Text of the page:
Air travelers around the world are even more eager to find Wi-Fi onboard than their U.S. counterparts, according to a Gogo study.
Participants in Gogo’s global traveler research study represented sixteen countries and four regions around the world. All had flown on a round-trip flight in the past year. The study finds that, while U.S. passengers express a preference for Wi-Fi connectivity and are more likely than their international counterparts to find that service onboard, international air travelers are generally more tech-dependent and eager to find Wi-Fi onboard and more open to paying for the convenience.
83% of air travelers in regions outside the U.S. said they were interested in using Wi-Fi vs. 74% of U.S. air travelers.
71% percent of air travelers outside the U.S. show a strong interest in wireless in-flight entertainmnet vs. 59% in the U.S.
Part of this demand stems from a highly connected lifestyle on the ground, Gogo’s study would suggest. Travelers around the world are significantly more likely to carry Wi-Fi enabled electronic devices when travelling.
The most connected travellers around the world are in the region of Mexico and Latin America where 92% of travellers carry a Wi-Fi enabled device onboard and 77% expressed a preference to connect to Wi-Fi on their device in-flight.
Ranked second in the world for demand of these services, 86% of passengers in Europe and the Middle East carry Wi-Fi enabled devices and 73% want to find Wi-Fi services on their aircraft to connect using their device.
A close third is Asia, Australia & Pacific region where 85% of passengers carry devices and 65% want to use Wi-Fi inflight on their device.
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Air Travellers in the US, where one will find the most connected aircraft around the world today, actually rank last for use of personal electronic devices with only 76% carrying electronic devices and 65% expressing a preferrence to connect their devices onboard.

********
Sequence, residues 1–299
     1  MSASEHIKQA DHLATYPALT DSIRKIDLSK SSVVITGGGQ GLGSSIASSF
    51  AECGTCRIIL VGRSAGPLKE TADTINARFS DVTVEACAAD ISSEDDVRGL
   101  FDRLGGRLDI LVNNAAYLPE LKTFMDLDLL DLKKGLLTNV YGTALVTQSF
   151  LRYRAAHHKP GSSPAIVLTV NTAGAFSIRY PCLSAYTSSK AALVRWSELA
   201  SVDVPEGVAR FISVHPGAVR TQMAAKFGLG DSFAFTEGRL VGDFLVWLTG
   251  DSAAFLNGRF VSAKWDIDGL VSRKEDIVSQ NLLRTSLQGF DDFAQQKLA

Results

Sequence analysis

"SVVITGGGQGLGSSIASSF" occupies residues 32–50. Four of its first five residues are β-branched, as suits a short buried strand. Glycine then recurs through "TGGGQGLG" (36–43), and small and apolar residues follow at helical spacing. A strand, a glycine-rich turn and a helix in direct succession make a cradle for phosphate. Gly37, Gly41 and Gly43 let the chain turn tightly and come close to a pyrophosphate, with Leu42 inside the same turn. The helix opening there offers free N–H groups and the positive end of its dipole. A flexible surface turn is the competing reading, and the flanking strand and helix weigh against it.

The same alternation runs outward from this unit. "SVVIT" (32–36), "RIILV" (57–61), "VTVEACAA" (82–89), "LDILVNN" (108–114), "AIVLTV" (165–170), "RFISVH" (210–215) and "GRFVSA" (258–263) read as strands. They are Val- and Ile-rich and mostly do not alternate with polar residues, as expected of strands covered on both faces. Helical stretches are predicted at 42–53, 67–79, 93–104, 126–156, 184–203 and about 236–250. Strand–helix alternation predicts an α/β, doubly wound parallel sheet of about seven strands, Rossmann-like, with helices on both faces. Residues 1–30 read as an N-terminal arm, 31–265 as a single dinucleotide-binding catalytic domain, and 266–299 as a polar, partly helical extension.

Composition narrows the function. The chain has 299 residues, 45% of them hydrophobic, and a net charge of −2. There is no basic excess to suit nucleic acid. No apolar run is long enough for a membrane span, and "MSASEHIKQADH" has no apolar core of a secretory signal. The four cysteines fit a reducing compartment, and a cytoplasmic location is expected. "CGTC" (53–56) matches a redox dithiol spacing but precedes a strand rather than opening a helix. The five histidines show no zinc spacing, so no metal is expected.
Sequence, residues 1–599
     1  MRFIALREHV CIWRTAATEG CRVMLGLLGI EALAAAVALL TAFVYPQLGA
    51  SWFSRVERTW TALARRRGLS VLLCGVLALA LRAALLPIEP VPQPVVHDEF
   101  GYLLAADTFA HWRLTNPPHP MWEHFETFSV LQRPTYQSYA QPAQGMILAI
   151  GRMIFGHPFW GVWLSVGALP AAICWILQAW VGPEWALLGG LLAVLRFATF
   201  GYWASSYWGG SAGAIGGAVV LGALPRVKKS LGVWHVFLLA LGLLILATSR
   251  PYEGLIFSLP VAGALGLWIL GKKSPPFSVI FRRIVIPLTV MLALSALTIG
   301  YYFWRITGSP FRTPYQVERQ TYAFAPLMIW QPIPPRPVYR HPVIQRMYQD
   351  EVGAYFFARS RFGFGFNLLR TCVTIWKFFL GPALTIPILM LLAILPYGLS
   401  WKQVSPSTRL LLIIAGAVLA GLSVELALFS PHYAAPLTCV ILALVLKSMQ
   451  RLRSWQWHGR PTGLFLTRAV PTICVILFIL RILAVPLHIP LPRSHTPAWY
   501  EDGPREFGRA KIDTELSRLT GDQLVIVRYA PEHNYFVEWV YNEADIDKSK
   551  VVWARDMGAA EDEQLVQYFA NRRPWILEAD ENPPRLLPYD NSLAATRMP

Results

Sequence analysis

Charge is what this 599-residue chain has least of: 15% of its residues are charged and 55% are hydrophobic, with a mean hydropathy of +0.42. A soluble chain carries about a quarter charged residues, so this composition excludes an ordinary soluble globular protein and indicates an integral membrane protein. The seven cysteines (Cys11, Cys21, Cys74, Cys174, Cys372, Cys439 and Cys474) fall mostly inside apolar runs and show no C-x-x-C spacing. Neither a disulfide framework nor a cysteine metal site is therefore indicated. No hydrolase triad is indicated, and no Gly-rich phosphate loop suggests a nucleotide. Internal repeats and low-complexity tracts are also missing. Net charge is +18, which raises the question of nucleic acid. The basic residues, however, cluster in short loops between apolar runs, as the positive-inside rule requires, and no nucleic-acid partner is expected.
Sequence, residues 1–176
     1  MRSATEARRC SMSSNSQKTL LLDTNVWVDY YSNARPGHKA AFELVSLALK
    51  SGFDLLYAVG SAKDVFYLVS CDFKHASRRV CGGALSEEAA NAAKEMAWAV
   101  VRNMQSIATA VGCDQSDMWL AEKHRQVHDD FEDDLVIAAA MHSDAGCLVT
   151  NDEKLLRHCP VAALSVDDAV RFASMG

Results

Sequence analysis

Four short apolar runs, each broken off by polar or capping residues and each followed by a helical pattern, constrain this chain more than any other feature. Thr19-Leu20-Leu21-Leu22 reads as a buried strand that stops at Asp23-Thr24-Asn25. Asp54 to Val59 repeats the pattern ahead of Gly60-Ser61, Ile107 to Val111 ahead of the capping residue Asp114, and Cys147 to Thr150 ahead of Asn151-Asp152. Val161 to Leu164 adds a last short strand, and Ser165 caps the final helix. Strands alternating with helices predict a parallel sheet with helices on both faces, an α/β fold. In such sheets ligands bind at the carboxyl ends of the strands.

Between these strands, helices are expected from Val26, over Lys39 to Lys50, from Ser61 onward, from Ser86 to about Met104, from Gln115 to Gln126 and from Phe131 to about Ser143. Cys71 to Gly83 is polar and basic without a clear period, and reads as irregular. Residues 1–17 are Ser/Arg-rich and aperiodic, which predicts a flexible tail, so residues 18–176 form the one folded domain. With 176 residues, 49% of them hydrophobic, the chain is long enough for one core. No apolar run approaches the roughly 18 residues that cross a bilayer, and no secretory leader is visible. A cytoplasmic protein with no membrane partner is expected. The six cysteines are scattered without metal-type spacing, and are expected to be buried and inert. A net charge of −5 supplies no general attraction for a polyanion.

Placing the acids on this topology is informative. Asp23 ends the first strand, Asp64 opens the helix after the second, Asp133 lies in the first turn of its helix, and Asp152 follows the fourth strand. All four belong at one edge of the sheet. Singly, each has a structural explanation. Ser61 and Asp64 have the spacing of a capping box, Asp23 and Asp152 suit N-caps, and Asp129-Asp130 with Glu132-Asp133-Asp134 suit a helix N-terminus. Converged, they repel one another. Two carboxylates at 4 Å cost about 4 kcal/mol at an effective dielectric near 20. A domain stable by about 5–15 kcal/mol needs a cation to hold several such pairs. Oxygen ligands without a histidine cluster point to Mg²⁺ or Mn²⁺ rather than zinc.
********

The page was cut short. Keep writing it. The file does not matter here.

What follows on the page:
One in three passengers, Gogo use at least two electronic devices when flying.
“The number of global passengers topped 3 billion in 2013 and has grown by 37 percent in the last four years. Ubiquitous connectivity has become the norm around the globe and there are very few passengers these days boarding an aircraft without a Wi-Fi-enabled device,” said Ash ElDifrawi, Gogo’s chief commercial officer. “What’s surprising to us is that the demand and willingness to pay for these services is clearly higher outside the U.S. We have found that air travelers outside of the U.S. index higher on affluence relative to the general population in their markets.”
This affluence-factor is an important consideration for airlines pondering whether to add onboard Wi-Fi services. Gogo also found that passengers around the world are 23% more likely to pay for in-flight Wi-Fi than air travellers in the U.S.
While Wi-Fi connectivity interests passengers most, it is not the only Wi-Fi service they’d like to see more of and international passengers also expressed a strong preference for various other Wi-Fi services inflight.
71% of air travellers in other world regions would like to find in-flight wireless entertainment, compared to 59% of U.S. passengers.
70% would like to find LiveTV onboard, compared to 61% of U.S. passengers.
65% would like to find Mobile Voice services compared 42% in the U.S..
72% of passengers in other world regions would like to use connectivity to send text messages, compared to 59% of U.S. Travellers.
As an incentive to its potential airline customers, Gogo found that Wi-Fi influences the booking decisions of 20% of passengers in all markets around the world, up from 16% in a Gogo study conducted last year.
The Full Gogo Infographic is embedded below.